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Choice of Career
Researching a New Job
CV
Interview
At Work
When faced with a setback
Faulter Ego
Punching below one’s weight, underestimating one’s abilities
Defeatist and unsystematic approach; not really believing one stands a chance; too timid or embarrassed to ask others for pointers
Underselling one’s achievements and skills; putting very little time into CV prep; slow to approach references for permission
Poor body language and self-presentation; use of self-deprecatory humour; feeling like an imposter
Fear of being ‘found out’, of making mistakes; poor planning; lack of initiative
Instinctive pessimism about one’s ability to solve the problem
Walter Ego
Haphazard; often one temp job after another; choice of job rarely related directly to ‘dream’ career; no short to medium term criteria for success
Little or no planning or even curiosity
Little care taken due to discomfort and embarrassment at lack of substantial professional achievements
Waffly answers; overtalking; poor listening to questions; over-reliance on humour
Poor delivery, efficiency and reliability; easily distractable from task at hand; lack of basic priority-setting
Flight not fight
Halter Ego
Safe option
Restricting one’s research to safe-bet or familiar options
Efficient but dull; geared to giving impression of ‘safe pair of hands’.
Scripted answers; lack of spark; focus on being reassuringly charisma-free.
Routinised; plodding; often letting colleagues walk all over one.
Often clueless, rarely proactive.
Altar Ego
Flitting from one thing to another OR getting trapped in one particular low-satisfaction job
Expectation that ‘the right job’ will ‘come to me’ out of the ether; lack of follow-through
Poor attention to detail
Staking all on creating a good ‘vibe’ with interviewer(s); vague style of answering
Little real interest taken or energy invested in specific tasks; running away from logistical challenges; fear of personal accountability
Quick to resign oneself to defeat
Vaulter Ego
Tendency to go for something that is not aligned with values, work motivators and/or soft skills
Tendency to narrow focus down prematurely; discomfort with considering alternative options; skipping over key details
Tendency to rush this phase
Markedly poor listening skills hamper effectiveness of answers; bad pacing of one’s presentation of self
Susceptibility to stress and drama; constantly putting out fires to the neglect of longer range goals
Temptation to short-circuit the process; giving in to frustration and impatience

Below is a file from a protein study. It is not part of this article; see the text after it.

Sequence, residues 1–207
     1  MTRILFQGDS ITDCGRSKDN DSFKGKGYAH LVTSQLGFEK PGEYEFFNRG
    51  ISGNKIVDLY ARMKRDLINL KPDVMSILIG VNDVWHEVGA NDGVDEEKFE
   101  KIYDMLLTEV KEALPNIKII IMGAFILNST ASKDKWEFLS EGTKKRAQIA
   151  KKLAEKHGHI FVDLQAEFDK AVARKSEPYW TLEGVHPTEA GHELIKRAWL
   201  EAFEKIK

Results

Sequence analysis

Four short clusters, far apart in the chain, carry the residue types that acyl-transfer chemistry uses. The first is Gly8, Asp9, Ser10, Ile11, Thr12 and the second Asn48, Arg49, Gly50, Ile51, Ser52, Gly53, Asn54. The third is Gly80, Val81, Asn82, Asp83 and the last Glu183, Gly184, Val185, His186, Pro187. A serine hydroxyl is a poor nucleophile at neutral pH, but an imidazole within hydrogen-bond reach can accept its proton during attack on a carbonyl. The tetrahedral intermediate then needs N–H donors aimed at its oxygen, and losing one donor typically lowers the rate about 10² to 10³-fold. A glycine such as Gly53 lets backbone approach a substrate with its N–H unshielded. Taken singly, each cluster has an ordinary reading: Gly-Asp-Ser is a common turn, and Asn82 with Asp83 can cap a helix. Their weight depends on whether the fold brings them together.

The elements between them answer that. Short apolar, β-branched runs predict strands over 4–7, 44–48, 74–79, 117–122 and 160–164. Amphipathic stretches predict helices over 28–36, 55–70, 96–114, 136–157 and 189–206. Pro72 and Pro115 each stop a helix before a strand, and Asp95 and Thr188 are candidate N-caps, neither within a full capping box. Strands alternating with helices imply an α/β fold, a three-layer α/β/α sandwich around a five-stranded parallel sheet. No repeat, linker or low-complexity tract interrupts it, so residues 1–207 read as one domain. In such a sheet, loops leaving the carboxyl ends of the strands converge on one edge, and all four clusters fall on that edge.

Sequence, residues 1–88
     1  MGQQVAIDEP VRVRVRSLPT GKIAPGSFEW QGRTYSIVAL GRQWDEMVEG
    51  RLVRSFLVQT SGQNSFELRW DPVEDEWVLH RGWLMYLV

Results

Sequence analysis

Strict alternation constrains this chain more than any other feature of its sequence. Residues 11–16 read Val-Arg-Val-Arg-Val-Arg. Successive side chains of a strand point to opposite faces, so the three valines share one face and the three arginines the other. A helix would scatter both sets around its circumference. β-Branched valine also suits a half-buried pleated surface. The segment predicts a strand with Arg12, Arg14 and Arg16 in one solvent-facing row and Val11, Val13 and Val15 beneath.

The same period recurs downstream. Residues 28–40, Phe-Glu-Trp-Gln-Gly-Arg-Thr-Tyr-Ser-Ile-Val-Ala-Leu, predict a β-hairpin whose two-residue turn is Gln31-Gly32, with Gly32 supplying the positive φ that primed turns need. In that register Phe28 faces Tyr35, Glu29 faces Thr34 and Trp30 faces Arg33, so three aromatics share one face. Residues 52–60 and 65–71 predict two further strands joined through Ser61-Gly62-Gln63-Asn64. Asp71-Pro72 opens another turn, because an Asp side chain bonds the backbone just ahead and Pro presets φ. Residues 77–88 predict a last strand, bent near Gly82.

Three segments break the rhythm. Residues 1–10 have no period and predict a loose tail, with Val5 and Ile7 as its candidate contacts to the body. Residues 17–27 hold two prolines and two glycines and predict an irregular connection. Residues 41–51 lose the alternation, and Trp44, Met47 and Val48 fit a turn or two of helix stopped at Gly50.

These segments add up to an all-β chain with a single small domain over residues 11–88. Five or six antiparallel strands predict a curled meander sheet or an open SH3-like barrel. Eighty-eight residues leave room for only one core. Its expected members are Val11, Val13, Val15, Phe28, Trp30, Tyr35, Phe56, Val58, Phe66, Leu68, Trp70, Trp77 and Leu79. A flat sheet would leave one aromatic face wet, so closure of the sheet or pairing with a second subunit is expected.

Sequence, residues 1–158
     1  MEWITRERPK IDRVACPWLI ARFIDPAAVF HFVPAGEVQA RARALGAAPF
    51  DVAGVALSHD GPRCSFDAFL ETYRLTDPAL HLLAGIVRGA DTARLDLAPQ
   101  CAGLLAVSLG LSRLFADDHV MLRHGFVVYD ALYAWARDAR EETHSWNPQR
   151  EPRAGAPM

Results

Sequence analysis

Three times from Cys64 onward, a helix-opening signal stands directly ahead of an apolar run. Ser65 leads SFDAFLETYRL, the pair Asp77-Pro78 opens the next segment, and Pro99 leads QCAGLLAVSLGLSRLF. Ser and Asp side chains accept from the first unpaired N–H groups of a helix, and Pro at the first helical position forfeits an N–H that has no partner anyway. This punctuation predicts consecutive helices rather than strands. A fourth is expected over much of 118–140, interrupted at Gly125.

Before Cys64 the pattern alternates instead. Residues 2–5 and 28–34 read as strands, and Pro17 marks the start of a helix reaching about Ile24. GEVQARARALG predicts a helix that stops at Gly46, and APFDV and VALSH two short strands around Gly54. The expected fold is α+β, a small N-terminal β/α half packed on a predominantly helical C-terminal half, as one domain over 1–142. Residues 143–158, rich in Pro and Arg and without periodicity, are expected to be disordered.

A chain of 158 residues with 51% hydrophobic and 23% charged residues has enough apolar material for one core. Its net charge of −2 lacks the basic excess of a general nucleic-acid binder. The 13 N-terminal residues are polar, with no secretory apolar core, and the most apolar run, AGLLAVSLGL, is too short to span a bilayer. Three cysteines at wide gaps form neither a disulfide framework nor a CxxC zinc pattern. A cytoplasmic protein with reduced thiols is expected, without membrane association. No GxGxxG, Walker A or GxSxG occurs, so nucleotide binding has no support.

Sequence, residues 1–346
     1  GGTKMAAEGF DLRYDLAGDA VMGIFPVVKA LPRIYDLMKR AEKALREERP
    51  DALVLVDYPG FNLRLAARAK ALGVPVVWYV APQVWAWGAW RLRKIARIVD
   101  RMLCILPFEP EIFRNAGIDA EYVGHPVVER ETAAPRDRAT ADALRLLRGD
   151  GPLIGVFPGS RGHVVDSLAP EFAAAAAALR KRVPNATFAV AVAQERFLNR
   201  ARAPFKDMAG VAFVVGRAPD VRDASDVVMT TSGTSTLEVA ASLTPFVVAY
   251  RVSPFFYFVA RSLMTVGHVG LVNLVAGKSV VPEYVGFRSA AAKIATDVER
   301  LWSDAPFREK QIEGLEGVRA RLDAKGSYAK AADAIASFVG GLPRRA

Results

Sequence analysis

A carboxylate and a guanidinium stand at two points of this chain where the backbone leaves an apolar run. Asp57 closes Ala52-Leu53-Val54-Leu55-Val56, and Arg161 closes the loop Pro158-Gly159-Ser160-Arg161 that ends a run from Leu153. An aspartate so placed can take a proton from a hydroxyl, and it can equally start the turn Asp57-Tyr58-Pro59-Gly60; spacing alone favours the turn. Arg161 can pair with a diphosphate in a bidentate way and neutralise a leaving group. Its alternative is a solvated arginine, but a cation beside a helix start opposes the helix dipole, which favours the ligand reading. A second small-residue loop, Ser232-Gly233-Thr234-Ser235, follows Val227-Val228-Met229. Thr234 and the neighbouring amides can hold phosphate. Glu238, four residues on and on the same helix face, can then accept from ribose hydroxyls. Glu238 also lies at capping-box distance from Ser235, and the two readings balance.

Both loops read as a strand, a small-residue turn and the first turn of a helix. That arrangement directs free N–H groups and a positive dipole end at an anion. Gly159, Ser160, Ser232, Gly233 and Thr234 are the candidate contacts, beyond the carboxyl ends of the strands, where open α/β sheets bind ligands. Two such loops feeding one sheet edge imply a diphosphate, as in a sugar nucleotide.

Alterior Ego
Guided by advice and expectations of others
Little attention given to one’s own drivers and motivators
Lack of compelling personal narrative
Failure to leave one’s personal mark in the interviewers’ memory
Lack of personal initiative; constantly worrying about approval from others
Over-reliance on other people’s interpretation of what has gone wrong
Salter Ego
Setting one’s sights too low; feeling pressurised into going for a particular job
Defensive attitude – mental picture of a hostile world that doesn’t want me to succeed
Allowing a defensive tone to creep in to covering letter and summary of past roles
Giving out about previous job(s); tensing up at questions perceived as hostile
Lack of scrupulosity about own tasks; tendency to envy or feel threatened by more dynamic colleagues
Dwelling on why this happened and who’s to blame rather than how to sort it out
Exalter Ego
Driven by ego rather than values and meaningful goals
Having a blind-spot to genuinely interesting opportunities
Overselling oneself
Coming across as smarmy, cocky, sleek, over-competitive, over-ambitious; raising flags as to ability to work in a team
Full of oneself and competitive; insincere.
Bawling out the person beneath you
Voltaire Ego
Something which will not impinge on life outside of work even if it means boredom and repetition in role with no scope for development
Being guided exclusively by questions like, ‘Is this role close to home?’, ‘What’s the annual holiday entitlement?’, ‘What are the working hours?’; Comfort-zone priorities rule out chances of finding stimulating work
Bland, factual, no compelling narrative; marked lack of training and upskilling due to reluctance to leave home in the evening to invest in a course